NEW YORK JPMorgan Chase & Co's disastrous bets on corporate debt may have caused unexpected collateral damage: erratic behavior in a barometer that measures the financial health of blue-chip U.S. companies.
Those bets used Wall Street derivatives called credit default swaps. They are supposed to act like homeowners insurance, allowing bondholders, banks and hedge funds to buy protection against declines in the value of corporate debt, and ultimately protection against a default.
In this case, though, they became more like the pawns in a battle between JPMorgan and hedge funds on the other side of its bet. This struggle so dominated a corner of the market that it sent false negative signals about the credit quality of some major companies whose underlying finances were largely unchanged, market experts said.
A Reuters analysis shows that in recent weeks the trading may have sharply increased the cost of default insurance for companies such as railroad operator CSX Corp and McDonald's Corp.
In late April, CSX indicated it was in good financial shape. The company reported first-quarter earnings that beat analysts' expectations, while ratings agency Standard & Poor's said it expected CSX's credit "to remain satisfactory."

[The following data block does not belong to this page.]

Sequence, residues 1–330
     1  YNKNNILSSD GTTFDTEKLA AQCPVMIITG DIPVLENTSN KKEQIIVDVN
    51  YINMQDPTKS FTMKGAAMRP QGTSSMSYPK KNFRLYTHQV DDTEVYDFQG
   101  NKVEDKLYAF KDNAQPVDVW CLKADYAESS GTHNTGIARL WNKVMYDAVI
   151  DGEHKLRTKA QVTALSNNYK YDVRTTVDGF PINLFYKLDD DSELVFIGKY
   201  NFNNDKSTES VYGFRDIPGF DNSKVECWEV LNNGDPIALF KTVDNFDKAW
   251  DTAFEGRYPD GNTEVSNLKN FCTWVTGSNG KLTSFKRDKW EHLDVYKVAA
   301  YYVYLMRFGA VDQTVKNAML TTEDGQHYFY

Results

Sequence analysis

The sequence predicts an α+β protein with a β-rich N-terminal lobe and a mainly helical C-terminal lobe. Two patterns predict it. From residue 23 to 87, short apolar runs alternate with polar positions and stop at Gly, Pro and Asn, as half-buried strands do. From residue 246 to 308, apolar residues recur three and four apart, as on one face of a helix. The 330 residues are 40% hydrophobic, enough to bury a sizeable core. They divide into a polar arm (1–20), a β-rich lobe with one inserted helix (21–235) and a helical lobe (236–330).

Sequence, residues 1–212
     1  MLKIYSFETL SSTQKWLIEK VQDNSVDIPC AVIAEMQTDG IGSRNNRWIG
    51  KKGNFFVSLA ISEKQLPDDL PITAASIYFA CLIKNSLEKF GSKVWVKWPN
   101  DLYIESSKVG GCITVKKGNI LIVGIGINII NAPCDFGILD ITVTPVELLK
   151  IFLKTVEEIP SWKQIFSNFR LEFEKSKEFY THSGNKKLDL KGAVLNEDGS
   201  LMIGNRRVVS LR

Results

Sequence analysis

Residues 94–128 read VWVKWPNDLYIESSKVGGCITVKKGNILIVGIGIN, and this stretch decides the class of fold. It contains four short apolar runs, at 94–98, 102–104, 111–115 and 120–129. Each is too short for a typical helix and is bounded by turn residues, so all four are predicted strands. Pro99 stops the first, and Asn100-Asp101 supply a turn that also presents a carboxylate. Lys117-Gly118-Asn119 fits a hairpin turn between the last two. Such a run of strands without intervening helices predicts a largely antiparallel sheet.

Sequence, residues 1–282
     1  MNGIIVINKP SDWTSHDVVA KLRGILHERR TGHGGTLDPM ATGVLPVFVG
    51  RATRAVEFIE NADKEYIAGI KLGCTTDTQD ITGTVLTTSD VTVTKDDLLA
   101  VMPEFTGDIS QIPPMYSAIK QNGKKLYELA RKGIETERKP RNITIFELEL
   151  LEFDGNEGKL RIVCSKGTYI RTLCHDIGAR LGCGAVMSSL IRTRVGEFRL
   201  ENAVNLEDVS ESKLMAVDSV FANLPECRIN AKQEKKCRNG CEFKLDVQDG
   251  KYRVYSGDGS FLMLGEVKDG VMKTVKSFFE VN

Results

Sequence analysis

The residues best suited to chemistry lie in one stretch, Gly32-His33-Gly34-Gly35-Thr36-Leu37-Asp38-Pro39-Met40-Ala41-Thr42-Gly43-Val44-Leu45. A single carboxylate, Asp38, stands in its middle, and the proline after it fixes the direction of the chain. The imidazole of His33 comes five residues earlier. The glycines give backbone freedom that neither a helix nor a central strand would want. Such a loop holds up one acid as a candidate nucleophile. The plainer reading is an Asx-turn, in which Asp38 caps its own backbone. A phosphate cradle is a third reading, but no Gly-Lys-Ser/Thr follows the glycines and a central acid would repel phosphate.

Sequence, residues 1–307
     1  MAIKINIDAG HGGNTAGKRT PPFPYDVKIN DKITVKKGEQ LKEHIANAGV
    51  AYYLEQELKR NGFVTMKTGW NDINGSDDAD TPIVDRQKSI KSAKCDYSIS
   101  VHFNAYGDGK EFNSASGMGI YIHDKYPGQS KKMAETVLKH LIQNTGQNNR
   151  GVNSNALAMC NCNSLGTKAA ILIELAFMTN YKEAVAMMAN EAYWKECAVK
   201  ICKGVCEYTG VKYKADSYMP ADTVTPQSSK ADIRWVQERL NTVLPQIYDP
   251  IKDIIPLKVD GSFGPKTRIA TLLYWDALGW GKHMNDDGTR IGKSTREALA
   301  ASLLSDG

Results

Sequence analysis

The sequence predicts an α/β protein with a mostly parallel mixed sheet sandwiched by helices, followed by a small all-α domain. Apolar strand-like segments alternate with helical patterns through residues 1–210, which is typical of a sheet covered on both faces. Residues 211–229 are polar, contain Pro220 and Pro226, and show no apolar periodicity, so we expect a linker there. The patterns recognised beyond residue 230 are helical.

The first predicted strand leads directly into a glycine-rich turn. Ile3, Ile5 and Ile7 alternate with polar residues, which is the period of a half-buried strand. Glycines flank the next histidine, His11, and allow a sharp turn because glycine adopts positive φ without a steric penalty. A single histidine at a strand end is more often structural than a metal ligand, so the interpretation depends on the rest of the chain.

Yet the cost to insure against a default at CSX surged 28 percent to $64,300 for five-year protection on $10 million in debt on May 14 from $50,100 on May 1. At the same time, the company's stock fell just 5 percent.
A CSX spokesman declined to comment.
There was a similar pattern at McDonald's. The cost of protecting the fast-food company's debt against default rose more than 19 percent to $24,300 on May 14 from $20,400 on May 10, while McDonald's stock fell just 1.1 percent.
Again, there was no news during that time to explain a significant increase in the cost of default insurance. "It's business as usual for us at McDonald's," spokeswoman Becca Hary said when asked about the jump.
The first two weeks of May were a critical period because JPMorgan announced May 10 that a flawed trading strategy led to at least $2 billion in paper losses for the bank. The losses could eventually total $5 billion or more, analysts said.
Trading in default insurance for major U.S. companies showed unusual spikes during that time.
To be sure, renewed concerns about the U.S. economy and the European debt crisis are at least partly responsible for increasing worries about companies' financial health. There is no way to quantify whether JPMorgan-related trading contributed more or less than the broader economic concerns to the increases in costs for credit default insurance.
A JPMorgan spokeswoman said there was no causal link between the credit derivatives prices and the trading tied to the bank's losses. The theory, she said in an emailed statement, "is wrong and ridiculous."
But the Reuters analysis showed the 121 companies underlying the index of credit derivatives at the heart of the trading battle had a sharper increase in default insurance costs than 41 companies in a separate index that was not believed to be part of the big bets.